At times the north and south magnetic poles reverse. There have been eight reversals in the last 2.43 million years, at 0.69, 0.89, 0.95, 1.9, 2.0, 2.1, and 2.43 million years ago. Lava and volcanic ash deposits often contain the thermoremnant magnetic records of these reversals. When the fossils of early humans or their ancestors are found in association with such deposits, they can be roughly dated by them. However, this dating method is less useful than some others since at best it only tells us that a fossil dates to sometime between two reversals. Paleoanthropologists have found magnetic pole reversals to be useful for dating geological deposits in association with even earlier pre-human fossils going back 10,000,000 years.
The Potassium-Argon (K-Ar) dating method is the measurement of the accumulation of argon in a mineral. Potassium-40 decays into argon-40 and calcium-40 at a known rate. The half-life of potassium-40 is approximately 1.25 billion years. Measurement of the amount of argon-40 in a sample is the basis for age determination.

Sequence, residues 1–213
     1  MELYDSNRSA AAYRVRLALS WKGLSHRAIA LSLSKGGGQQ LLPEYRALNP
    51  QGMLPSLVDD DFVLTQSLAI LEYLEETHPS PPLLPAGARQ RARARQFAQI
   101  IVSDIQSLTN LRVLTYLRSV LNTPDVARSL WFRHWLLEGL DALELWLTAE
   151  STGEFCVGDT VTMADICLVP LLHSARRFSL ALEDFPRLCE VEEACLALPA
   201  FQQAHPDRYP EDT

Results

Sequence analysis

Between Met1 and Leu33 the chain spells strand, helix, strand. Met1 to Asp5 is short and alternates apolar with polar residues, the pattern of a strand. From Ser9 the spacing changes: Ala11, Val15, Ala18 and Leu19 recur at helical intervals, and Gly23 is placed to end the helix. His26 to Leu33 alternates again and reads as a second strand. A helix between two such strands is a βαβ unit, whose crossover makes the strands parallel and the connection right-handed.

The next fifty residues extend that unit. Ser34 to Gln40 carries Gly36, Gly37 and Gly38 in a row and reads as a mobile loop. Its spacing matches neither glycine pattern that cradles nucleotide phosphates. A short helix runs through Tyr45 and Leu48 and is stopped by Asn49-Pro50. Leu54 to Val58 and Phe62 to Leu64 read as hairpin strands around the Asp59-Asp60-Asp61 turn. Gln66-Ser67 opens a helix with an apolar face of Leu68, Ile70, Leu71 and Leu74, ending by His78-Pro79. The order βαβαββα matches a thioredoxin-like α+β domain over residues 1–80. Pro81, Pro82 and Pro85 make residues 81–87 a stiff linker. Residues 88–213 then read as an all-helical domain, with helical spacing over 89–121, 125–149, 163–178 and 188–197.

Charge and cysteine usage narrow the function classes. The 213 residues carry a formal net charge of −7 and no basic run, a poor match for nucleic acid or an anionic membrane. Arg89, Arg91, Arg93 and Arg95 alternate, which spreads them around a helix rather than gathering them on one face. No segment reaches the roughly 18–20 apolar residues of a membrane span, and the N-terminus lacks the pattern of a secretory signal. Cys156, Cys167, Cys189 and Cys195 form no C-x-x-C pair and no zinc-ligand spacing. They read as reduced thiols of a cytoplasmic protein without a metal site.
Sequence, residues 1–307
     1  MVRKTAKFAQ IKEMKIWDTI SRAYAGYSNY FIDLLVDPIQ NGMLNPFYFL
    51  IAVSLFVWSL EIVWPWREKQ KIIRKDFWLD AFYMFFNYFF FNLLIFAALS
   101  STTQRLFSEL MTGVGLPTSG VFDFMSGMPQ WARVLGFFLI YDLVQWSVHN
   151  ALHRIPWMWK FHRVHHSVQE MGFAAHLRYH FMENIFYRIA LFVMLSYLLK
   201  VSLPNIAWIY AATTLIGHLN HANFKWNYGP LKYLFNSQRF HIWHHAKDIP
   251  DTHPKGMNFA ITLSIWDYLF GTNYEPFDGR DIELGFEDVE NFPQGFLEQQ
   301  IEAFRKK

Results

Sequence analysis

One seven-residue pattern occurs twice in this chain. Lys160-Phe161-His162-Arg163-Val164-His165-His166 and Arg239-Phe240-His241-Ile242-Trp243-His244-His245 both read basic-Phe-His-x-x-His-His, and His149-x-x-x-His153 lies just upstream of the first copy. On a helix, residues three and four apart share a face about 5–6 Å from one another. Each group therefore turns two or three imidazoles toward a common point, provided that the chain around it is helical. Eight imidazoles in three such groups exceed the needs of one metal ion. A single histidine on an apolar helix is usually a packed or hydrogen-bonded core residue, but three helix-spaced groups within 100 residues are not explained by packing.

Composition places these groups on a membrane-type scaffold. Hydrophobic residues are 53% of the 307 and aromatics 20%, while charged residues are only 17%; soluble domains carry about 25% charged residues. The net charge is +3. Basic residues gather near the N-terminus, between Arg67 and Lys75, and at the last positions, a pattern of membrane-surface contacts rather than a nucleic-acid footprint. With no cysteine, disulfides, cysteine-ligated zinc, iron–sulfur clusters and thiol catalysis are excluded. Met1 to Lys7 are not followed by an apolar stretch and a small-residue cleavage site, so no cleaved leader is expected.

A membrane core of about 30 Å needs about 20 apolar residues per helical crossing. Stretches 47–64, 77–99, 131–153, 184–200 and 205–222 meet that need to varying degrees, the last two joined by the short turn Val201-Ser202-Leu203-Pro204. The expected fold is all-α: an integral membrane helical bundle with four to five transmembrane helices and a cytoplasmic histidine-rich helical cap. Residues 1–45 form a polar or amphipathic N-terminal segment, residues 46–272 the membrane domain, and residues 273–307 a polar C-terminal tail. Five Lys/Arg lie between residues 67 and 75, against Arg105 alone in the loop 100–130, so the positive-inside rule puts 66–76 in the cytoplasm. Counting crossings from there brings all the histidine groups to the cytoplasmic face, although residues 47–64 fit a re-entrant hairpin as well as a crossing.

Argon is an inert gas, and being unreactive remains trapped in the crystal. The time elapsed is like that of thermoluminescence, the time since the sample was treated in some way that reset the K-Ar clock by releasing any argon previously accumulated. Heating is a common way of zeroing the clock. Archaeologists can find how long ago a heat-treated arrow head was made, or a cooking pot was last used.
For more ancient samples, when a fossil is sandwiched between volcanic rock or ash deposits with comparatively large amounts of potassium, their potassium-argon dates provide a minimum and maximum age.
Potassium-argon dates have errors of about 15% of the date, and is useful only where rock is rich in potassium, mostly elated to volcanic activity. Paleoanthropologists use it mostly to date sites in the 1-5 million year old range. Finding the ratios of argon-40 to argon-39 in volcanic rock gives more accurate dates and requires smaller samples.
Thermoluminescence (TL) dating is used to date rocks, minerals and pottery between the years 300-10,000 BP. All natural minerals are thermoluminescent. Trace amounts of radioactive atoms, such as uranium and thorium, in soil and clay produce constant low amounts of background ionizing radiation. Energy absorbed from ionizing radiation frees electrons to move through the crystal lattice and some are trapped at imperfections. These energy charged electrons progressively accumulate over time. Heating releases the trapped electrons, producing light.